Golden Age of Piracy - Chapter Decoration

Pirates > Pirate Rounders > Christopher Condent

Christopher Condent


Christopher Condent (1690's - 1770) also known as Condent, Congdon, Connor or Condell and also went by the first name William, Edmond or John as well. He could also be known by his nickname 'Billy One-Hand' and was a pirate that initiated the second Pirate Round which saw a resurgence of pirates return to the Indian Ocean during the Post Spanish Succession Period.

Early Years

Condent was born in Plymouth in Devon and began his pirating career aboard a 12-gun sloop As the ship voyaged across the Atlantic an Indian member of the crew threatened to blow up the powder magazine and was killed by Condent. The crew then captured a merchant ship called the Duke of York and Condent was given captaincy of the new prize. It is known that Condent was on the island of New Providence at the pirate haven of Nassau when governor Woodes Rogers came to the island to deliver the Kings Pardon (1718) and eradicate the piracy that plagued the region.

Captain Condent - Pirates of the Spanish Main (1888)

Captain Condent - Pirates of the Spanish Main (1888)

Condent was part of the defiant pirates who refused the pardon and chose to flee the island led by Charles Vane. Condent found himself at the Cape Verde Islands and captured a ship carrying valuable Portuguese wine. Next the crew sailed to Portuguese Brazil where they captured a few Portuguese ships. During this time Condent gained a reputation for cutting the ears and noses off of his prisoners.

Fleet Captain

Next Condent returned to the Cape Verde Islands where he captured a Dutch sloop-of-war that was leading a flotilla of twenty smaller ships off the coast of Santiago. Condent kept the sloop-of-war and renamed it the Fiery Dragon, becoming a fleet commander in his own respect. He next seized an English galley ship called the Wright, a Portuguese ship and finally a 26-gun Dutch ship. He abandoned the galley ship and led his fleet of three pirate ships to the Gold Coast where they captured three more ships named the Indian Queen, the Fame and another unnamed Dutch ship.

Initiating a second Pirate Round, Condent and the pirates sailed around the Cape of Good Hope and established a new pirate base on the island of Madagascar in April of 1719. On Madagascar Condent's crew got bolstered by the previous crew of John Halsey. Their experience allowed him to quickly learn how to pirate in the Indian Ocean and the Red Sea. Condent starting a second pirate round would soon be followed later by Edward England and John Taylor aboard their ship the Pearl.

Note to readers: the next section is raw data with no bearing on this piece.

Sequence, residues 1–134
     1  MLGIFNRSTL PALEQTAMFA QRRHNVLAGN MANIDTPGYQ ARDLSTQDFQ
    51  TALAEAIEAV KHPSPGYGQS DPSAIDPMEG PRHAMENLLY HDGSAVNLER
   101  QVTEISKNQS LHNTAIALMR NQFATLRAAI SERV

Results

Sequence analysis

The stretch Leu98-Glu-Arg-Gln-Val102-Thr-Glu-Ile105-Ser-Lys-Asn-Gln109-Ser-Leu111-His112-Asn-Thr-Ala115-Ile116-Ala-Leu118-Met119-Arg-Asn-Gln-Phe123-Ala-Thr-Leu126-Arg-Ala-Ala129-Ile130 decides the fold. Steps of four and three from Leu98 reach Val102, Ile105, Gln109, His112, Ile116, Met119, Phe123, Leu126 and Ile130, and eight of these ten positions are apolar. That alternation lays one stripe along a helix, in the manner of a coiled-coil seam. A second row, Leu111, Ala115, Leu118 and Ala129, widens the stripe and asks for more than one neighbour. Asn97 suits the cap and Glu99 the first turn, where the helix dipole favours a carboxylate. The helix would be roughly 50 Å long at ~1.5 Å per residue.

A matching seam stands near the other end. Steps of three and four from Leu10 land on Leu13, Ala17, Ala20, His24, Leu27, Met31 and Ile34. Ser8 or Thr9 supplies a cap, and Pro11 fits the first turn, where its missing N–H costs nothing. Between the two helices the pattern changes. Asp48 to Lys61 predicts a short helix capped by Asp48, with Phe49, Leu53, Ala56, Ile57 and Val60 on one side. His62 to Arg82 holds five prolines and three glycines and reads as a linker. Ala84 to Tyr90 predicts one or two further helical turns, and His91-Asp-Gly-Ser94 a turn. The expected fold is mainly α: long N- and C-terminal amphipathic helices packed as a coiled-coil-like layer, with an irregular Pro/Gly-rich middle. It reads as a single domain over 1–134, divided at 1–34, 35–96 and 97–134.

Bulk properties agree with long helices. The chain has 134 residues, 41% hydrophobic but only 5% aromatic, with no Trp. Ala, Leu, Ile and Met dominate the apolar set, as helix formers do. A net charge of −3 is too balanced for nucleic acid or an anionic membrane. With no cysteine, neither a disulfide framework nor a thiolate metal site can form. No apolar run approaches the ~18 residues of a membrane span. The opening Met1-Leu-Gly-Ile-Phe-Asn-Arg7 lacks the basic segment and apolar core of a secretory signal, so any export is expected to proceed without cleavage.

By October of 1720 Condent and his crew was off the coast of Bombay where he captured a huge treasure laden Arab ship worth about £150,000. Due to the huge value of the ship Condent ordered his crew not to abuse any of the captives in order not to infuriate the British East India Company any further. One big difference between the first and second pirate rounds was the increased level of Royal Navy presence in the region due to the first pirate round and therefore piracy did not last as long there the second time around.

Later Life

Following the capture the crew returned Ile Saint-Marie and divided the loot of the ship to the tune of £3,000 each. Condent along with forty of his crew would travel to Ile Bourbon where they bargained with the local French governor for a pardon. His request was granted and him and twenty of his pirates settled on the island to permanently retire from their trade.

Condent married the governors sister-in-law and eventually relocated to France in 1723 with his wife to the area of Brittany. He went on to become a wealthy merchant in the ancient pirate haven of Saint-Malo. Condent is unique in that he is one of the rare pirates to survive the Pirate Round, a feat that hardly any of them can claim. During the colonial era many pirates died due to tropical diseases, interactions with hostile natives or in battle with the heavily armed warships of the East Indies.

Pirate Rounders


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